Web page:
2023 – a bumper crop of lubbers?

many black grasshoppers with yellow stripes
Baby Lubbers Sport Black and Yellow Coloration – Photos by Paul Schumaker

UF/IFAS Extension had a booth at the recent Public Works & Community Outreach Day held at the Fairgrounds on June 10th.   Here we displayed our programs and shared information on what we do as an organization in the community.  I brought along several cases of pinned insects to show the public the array of these critters in our area.  It was a fun, family-oriented event and the one insect that most visitors to the booth wanted to talk about was the Eastern Lubber Grasshopper.  That can only mean that 2023 is going to be a bumper year for lubbers in our area!

In February and early March, some residents of Charlotte County began seeing small, dark-colored grasshoppers in their landscapes.  These baby lubbers emerged earlier from the ground as they hatched out from last year’s eggs.  Young grasshoppers are called nymphs.  Nymphs are black and yellow striped, immature grasshoppers that look exactly like small adults except that they lack wings, are a different color, and cannot reproduce at this stage.  To make room for their ever-expanding size, a nymph sheds its skin (molts) and gets a little bigger every fifteen to twenty days. At the last molting, they become full-fledged adults – that is what we are seeing now.  The adults are huge and yellow in color with black dots and red coloration on the hind wings.  Females are bigger than males and can get up to three and one-half inches long.  The adults also have a pair of short, useless wings.  Populations of this giant, slow grasshopper vary from place to place in Charlotte County.

a large yellow grasshopper
A Fully Grown Lubber Ready to Chew

In addition to their large size and striking coloration, lubbers also have some other defenses to protect themselves.  The lubber grasshopper has toxic properties that keep various animals from eating them.   These grasshoppers can produce a frothy spray from their midsection which can irritate potential predators.  As such, lubbers are not normally consumed by predators except by a bird called the loggerhead shrike.  These birds capture and impale the lubbers on thorns which allows the toxins to degrade in a few days.

While lubbers are large, they tend to eat less than some of their smaller relatives as far as consuming landscape plants.  This may be of little comfort to those whose landscape is eventually covered with these large insects!  Their favorite plants include amaryllis, Amazon lily, crinum, and related plants, as well as oleander, certain jatropha, the Mexican petunia, and lantana.  Some weeds are not sparred and may end-up on the lubber’s menu including chamber bitter and Florida beggarweed.   Lubbers have several invertebrate natural enemies including parasitic flies and nematodes which work behind the scenes to help suppress these pests.  As lubbers are large targets and move slowly, non-chemical control via hand-picking, can help reduce numbers.  Keep in mind that the smaller nymph grasshoppers are easier to control than adults.  There are some chemical options including permethrin and Spinosad applied as per label directions, but often an overwhelming infestation cannot be easily stopped.  Fortunately, while the largest number of adult lubbers will be observed in July and August, only a single generation occurs per year.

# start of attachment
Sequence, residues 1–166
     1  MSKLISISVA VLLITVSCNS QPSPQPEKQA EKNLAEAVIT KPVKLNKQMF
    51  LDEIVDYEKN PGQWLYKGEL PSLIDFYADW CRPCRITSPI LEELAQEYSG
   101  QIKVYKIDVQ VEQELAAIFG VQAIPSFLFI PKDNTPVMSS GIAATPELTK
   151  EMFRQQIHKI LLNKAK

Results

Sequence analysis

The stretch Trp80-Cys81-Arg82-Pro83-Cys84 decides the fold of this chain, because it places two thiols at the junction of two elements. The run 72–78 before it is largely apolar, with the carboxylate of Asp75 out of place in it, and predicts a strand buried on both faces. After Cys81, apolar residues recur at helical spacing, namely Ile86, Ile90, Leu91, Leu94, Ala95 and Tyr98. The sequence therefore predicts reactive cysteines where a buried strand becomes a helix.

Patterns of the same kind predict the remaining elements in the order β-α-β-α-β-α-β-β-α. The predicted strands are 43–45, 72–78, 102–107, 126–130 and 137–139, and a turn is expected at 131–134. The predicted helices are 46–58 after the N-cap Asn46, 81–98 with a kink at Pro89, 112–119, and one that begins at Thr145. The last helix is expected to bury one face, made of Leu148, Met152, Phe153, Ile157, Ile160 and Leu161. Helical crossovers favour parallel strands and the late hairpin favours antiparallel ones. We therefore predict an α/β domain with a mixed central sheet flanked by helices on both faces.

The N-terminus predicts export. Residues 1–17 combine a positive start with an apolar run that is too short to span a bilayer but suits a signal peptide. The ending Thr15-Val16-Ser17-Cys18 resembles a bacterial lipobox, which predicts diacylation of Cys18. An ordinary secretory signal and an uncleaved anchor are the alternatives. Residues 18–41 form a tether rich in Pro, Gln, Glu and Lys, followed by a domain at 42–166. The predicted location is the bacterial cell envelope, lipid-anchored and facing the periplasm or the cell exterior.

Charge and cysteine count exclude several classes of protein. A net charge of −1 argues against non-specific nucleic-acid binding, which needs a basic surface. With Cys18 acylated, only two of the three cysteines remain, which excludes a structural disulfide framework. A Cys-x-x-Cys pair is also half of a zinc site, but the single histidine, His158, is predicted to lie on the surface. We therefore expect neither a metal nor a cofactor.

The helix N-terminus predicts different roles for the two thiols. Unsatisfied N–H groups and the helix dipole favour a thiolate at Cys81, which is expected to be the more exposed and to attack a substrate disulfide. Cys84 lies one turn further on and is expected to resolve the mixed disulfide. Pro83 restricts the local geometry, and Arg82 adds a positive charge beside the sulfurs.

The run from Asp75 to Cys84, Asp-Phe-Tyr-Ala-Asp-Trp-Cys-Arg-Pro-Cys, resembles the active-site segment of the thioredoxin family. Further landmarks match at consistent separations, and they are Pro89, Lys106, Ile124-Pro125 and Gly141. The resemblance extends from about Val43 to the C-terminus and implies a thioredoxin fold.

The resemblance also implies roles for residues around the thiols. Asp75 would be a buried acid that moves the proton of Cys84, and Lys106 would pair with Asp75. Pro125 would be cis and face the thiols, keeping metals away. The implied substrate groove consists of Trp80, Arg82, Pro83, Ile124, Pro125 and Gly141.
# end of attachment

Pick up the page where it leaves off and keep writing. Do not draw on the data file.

Lubber grasshoppers are not everywhere in Charlotte County, but when present can be numerous.  Monitor populations and take any practical actions you can to suppress this potential pest to manageable levels.  For more information on all types of Florida insect issues, or to ask a question, you can also call the Master Gardener Volunteer Helpdesk on Mondays, Wednesdays, and Fridays from 1 to 4 pm at 764-4340 for gardening help and insight into their role as an Extension volunteer.  Ralph E. Mitchell is the Director/Horticulture Agent for UF/IFAS Extension – Charlotte County. He can be reached at 941-764-4344 or ralph.mitchell@charlottecountyfl.gov .  Connect with us on social media. Like us on Facebook @CharlotteCountyExtension and follow us on Instagram @ifascharco.


Capinera J. L. & Scherer, C. W. (2021) Eastern Lubber Grasshopper, Romalea microptera . The University of Florida Extension Service, IFAS.


ralph mitchell
Posted: July 20, 2023

Category: Fruits & Vegetables, Home Landscapes, Pests & Disease
Tags: Eastern Lubber Grasshopper, Large Insects, Romalea Microptera

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